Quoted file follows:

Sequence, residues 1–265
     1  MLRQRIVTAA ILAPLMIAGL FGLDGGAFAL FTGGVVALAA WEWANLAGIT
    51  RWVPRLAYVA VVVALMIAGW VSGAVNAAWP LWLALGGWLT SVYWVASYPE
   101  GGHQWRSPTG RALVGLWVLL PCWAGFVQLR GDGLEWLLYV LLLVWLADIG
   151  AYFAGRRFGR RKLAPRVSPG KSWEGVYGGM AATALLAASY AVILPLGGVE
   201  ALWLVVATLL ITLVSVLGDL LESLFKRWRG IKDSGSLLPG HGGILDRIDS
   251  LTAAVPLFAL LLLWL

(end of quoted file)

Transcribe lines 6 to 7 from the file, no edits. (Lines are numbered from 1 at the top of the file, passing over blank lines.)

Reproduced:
   201  ALWLVVATLL ITLVSVLGDL LESLFKRWRG IKDSGSLLPG HGGILDRIDS
   251  LTAAVPLFAL LLLWL